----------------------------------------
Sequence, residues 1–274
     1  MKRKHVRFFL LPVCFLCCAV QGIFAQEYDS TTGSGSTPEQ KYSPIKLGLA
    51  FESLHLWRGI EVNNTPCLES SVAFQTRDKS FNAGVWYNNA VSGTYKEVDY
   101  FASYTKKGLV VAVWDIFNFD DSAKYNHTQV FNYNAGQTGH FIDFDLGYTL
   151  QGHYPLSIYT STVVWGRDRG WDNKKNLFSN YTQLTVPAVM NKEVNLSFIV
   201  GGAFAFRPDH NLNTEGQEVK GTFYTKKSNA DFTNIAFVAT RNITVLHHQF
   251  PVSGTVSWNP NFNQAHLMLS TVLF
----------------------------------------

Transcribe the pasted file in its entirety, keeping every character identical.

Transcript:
Sequence, residues 1–274
     1  MKRKHVRFFL LPVCFLCCAV QGIFAQEYDS TTGSGSTPEQ KYSPIKLGLA
    51  FESLHLWRGI EVNNTPCLES SVAFQTRDKS FNAGVWYNNA VSGTYKEVDY
   101  FASYTKKGLV VAVWDIFNFD DSAKYNHTQV FNYNAGQTGH FIDFDLGYTL
   151  QGHYPLSIYT STVVWGRDRG WDNKKNLFSN YTQLTVPAVM NKEVNLSFIV
   201  GGAFAFRPDH NLNTEGQEVK GTFYTKKSNA DFTNIAFVAT RNITVLHHQF
   251  PVSGTVSWNP NFNQAHLMLS TVLF